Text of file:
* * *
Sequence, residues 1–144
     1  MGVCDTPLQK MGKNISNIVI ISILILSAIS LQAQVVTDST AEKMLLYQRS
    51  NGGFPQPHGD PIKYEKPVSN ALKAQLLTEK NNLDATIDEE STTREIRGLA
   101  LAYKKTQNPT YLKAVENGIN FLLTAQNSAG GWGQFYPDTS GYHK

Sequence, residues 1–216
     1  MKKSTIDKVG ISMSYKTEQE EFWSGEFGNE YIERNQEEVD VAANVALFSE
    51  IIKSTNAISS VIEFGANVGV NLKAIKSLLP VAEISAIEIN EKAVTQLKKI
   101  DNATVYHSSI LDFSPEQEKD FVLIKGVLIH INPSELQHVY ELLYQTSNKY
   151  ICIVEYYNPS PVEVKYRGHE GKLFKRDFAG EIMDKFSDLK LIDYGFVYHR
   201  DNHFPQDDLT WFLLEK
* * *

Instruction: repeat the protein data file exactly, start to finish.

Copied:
Sequence, residues 1–144
     1  MGVCDTPLQK MGKNISNIVI ISILILSAIS LQAQVVTDST AEKMLLYQRS
    51  NGGFPQPHGD PIKYEKPVSN ALKAQLLTEK NNLDATIDEE STTREIRGLA
   101  LAYKKTQNPT YLKAVENGIN FLLTAQNSAG GWGQFYPDTS GYHK

Sequence, residues 1–216
     1  MKKSTIDKVG ISMSYKTEQE EFWSGEFGNE YIERNQEEVD VAANVALFSE
    51  IIKSTNAISS VIEFGANVGV NLKAIKSLLP VAEISAIEIN EKAVTQLKKI
   101  DNATVYHSSI LDFSPEQEKD FVLIKGVLIH INPSELQHVY ELLYQTSNKY
   151  ICIVEYYNPS PVEVKYRGHE GKLFKRDFAG EIMDKFSDLK LIDYGFVYHR
   201  DNHFPQDDLT WFLLEK